The big problem here is not the Italian part of the equation, but the American part that comes after the hyphen. I don't have any illusions about the nature or the ugliness of prejudice during Anello's youth, or even its continuity in some places now. The problem for Anello as a young man was to demonstrate that Italian-Americans were indeed not a bunch of hoodlums, but the descendents of people who had created the Roman Empire, some of the greatest examples of European visual art and of science a millennium after the Empire's so-called fall, and the inventors and propagators of high points in European music and theater from the largely forgotten theater of mimes in the Roman Empire's hey day and the Gregorian chant which still finds its way into Christmas carols, to their combination in Opera after that. The verbal notation that accompanies the scoring of European music is Italian, bearing witness to the origins of the classical forms of music even as they developed in other parts of Europe. The thing that's the most profound testament to the power of art, and to this essay, is that the imagery of Christianity has become so pervasive and so deeply imbedded in the imagery of North Atlantic churches that the majority of Americans don't know it's there. Even the majority of Protestants, including those who dislike Catholics, don't seem to realize that the place where the Pope lives is the place and the culture from which their conceptions of their own religious images and even their calendar originate. In a supreme irony, even the tiny minority of Italian-Americans who actually became gangsters themselves wanted to use art as a means of validating their intelligence and sophistication, in escaping the stereotypes and restrictions they felt around them. To what extent other members of the community in which Anello grew up felt uneasy about Italian culture itself, I don't know. But whatever the case, the biggest part of the problem in the equation has little to do with either its Italian or American component, but the sense of the hyphen between them felt acutely by those with part of their identity on one side of the equation, part of it on the other, and insecurity and vulnerability coming from the advantages and seeming conflicts between the two. As an Italian-American success story, I would have liked to see Anello concentrate more on this aspect of his career. It may be appropriate from his point of view that he down-played it.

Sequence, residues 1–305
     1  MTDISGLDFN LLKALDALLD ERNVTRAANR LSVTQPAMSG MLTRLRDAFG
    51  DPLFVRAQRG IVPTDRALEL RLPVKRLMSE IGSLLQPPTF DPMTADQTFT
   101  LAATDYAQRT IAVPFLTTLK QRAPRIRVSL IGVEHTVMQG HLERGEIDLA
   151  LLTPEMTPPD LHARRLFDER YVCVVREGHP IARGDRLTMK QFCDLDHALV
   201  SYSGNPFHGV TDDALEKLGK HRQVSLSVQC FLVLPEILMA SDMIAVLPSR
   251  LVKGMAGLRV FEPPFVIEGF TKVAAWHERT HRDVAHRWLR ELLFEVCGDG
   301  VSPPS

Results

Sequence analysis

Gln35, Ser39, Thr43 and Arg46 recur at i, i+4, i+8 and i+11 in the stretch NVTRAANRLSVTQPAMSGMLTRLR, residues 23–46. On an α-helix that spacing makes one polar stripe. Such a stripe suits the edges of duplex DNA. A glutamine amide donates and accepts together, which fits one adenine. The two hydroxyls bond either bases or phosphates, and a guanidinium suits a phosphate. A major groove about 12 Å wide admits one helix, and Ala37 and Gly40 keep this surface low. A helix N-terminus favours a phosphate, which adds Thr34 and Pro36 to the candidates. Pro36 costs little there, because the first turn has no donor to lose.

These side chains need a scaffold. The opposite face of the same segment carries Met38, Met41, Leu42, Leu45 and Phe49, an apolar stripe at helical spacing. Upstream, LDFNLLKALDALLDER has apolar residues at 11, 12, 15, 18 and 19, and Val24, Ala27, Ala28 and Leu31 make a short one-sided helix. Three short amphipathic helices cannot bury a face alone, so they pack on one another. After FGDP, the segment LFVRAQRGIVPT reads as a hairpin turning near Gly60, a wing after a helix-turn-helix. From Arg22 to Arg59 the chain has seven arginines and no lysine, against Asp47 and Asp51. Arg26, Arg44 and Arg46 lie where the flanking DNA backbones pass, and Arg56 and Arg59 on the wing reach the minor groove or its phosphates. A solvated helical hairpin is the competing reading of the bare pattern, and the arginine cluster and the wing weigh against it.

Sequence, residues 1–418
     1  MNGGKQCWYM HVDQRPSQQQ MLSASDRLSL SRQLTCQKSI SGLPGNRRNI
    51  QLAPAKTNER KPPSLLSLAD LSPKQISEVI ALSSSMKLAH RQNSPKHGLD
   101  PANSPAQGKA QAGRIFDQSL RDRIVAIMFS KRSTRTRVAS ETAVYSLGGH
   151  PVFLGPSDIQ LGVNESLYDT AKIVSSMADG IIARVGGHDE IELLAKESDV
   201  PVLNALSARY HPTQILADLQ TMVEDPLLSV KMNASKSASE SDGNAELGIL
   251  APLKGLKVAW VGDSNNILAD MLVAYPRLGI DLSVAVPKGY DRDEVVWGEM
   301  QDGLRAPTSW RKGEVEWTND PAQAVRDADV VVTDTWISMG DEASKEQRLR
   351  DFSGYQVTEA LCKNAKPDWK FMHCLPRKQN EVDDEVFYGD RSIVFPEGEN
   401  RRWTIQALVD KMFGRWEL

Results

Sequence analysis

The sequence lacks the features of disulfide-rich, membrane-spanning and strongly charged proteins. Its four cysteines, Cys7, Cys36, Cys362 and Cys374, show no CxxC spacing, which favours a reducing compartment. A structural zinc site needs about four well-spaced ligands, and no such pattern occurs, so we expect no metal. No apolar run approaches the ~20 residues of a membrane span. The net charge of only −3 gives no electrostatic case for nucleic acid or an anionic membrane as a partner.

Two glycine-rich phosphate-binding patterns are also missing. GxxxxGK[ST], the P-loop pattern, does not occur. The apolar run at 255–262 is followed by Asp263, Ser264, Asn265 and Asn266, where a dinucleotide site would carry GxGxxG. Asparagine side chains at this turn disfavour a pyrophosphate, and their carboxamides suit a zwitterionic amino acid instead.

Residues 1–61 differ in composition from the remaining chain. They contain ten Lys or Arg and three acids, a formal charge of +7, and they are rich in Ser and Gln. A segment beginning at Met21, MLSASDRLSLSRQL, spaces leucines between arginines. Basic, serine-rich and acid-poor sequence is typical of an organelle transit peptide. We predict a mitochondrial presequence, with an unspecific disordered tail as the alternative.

It is interesting for me in the present context to compare Musical Memories with Anna Young's Christmas Book. The book I did was modest, produced with extremely limited resources in a cottage industry environment for what seemed a single family, though it may have been more of a gift from me to my grandmother in spite of the rest of the family. Josephine and John-David Anello were working as a team. Their financial and even archival resources were not severely limited. But whether they were thinking in these terms or not, it seems they were still representing a community rather than a single family — and in what seems a bit of serendipity as well as something they had earned, that community extended out of the Italian-American community into which they were born to the City of Milwaukee. As to the personal therapeutic values of the book for my grandmother and the book for the Anellos, I can only assume they provided roughly equal benefits. In this regard, the measure of success has little to do with size of edition or lavishness of production, but of how much relief they provided and how much self-esteem they generated or confirmed over how much time.